Obama came into office with the expressed intent to work with the Republicans to get important legislation passed. The first real test of Republican cooperation in return to Obama's outreach was the stimulus package. So Obama and the Democrats crafted a bill that included much that was intended to get Republican Senators to vote for it.
As Steve Benen points out, Obama has not forgotten being stiffed by the Republicans after he and the Democratic Congressional leadership watered the stimulus bill down badly so that Republican Senators could vote for it and explain their vote to their constituencies at home. Instead of working with Obama, they then followed Limbaugh and provided zero Senate Republican votes for the stimulus bill.
They are going to pay for that. That's what the reconciliation plan is all about. The Republicans can still work with Obama and get some of what they want in Health care, and pass a universal healthcare bill within the next six months. If they don't cooperate, then the Democrats go the reconciliation route and pass an all-Democrat plan.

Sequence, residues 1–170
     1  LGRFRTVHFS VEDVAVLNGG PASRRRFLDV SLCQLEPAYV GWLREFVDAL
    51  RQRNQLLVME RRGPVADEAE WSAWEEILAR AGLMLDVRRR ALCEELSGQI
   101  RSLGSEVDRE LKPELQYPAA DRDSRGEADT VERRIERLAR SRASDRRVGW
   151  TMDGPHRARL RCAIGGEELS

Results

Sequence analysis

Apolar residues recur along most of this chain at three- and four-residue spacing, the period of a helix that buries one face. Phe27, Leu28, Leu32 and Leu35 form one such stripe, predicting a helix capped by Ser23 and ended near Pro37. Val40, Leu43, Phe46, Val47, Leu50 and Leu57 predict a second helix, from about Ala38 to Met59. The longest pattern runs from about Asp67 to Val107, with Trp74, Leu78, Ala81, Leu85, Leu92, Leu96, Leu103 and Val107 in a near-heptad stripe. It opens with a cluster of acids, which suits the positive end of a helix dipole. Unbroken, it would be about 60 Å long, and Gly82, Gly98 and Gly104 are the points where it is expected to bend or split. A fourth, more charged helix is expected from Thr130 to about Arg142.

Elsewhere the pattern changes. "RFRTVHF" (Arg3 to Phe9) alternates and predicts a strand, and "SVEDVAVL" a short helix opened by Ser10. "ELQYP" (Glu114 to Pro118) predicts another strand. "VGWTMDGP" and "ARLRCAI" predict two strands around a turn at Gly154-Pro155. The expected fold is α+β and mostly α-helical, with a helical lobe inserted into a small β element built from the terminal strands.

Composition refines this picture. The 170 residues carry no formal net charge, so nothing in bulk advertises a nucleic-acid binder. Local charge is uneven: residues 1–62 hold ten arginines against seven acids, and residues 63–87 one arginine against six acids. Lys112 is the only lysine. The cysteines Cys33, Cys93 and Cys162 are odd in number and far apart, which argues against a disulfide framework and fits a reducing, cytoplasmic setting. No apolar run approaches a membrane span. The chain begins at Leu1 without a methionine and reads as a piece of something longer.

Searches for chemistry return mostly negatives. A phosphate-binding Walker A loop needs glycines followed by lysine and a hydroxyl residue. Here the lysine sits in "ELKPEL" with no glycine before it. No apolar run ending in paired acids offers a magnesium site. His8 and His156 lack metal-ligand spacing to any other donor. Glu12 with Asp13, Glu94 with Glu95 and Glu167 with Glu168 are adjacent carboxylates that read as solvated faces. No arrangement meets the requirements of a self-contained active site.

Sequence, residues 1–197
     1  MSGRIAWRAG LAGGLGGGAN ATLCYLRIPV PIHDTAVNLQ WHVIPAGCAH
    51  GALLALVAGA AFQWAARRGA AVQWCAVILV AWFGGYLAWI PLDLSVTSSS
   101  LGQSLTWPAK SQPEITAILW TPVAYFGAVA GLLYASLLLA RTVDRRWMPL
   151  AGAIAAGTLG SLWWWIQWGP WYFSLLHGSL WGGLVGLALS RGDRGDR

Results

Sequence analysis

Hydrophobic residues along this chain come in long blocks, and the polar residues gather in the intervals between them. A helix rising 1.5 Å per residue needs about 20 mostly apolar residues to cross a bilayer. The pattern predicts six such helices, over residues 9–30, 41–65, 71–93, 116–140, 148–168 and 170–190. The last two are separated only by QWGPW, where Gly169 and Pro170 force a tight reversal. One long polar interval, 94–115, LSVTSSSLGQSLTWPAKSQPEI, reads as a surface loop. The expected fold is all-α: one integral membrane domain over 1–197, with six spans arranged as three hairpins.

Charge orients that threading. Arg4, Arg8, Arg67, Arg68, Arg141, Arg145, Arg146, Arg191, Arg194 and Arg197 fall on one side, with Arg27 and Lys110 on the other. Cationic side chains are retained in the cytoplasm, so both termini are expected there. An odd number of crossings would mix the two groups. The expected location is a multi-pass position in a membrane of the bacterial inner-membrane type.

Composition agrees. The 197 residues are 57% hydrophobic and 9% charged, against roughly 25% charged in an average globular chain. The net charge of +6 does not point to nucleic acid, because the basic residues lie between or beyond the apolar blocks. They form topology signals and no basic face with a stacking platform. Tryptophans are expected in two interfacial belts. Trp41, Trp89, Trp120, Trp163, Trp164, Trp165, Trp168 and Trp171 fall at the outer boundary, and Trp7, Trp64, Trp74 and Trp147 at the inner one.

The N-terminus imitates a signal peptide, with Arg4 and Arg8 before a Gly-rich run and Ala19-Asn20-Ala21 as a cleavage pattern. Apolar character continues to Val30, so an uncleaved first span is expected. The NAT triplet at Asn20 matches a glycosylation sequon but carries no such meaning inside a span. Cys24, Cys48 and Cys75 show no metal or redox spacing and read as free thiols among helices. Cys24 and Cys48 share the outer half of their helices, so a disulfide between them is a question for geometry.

My bet is that the Republicans are so crazed that they will follow Rush Limbaugh instead of work for the good of the American people and work with Obama.
There is a reason why the National Republican Senatorial Committee (NRSC) chair Senator John Cornyn has said he did not think that the Republicans were going to keep a 40 Senator minority in 2010. Their radical conservative base won't let them compromise conservative principles even if that is politically suicidal. The marginal Senators who are up for reelection have a choice, much as does Senator Arlen Spector. They can run to win the general election but lose the primary and never get there, or they can cater to their conservative base, get the nomination, and be defeated by the Democrats supported by the Independent voters.
In my example, Senator Spector's other choice is to turn Democrat and see if he can win the nomination there. If he could win that, he can probably win reelection in the general election, but the Republicans still lose the Senate seat.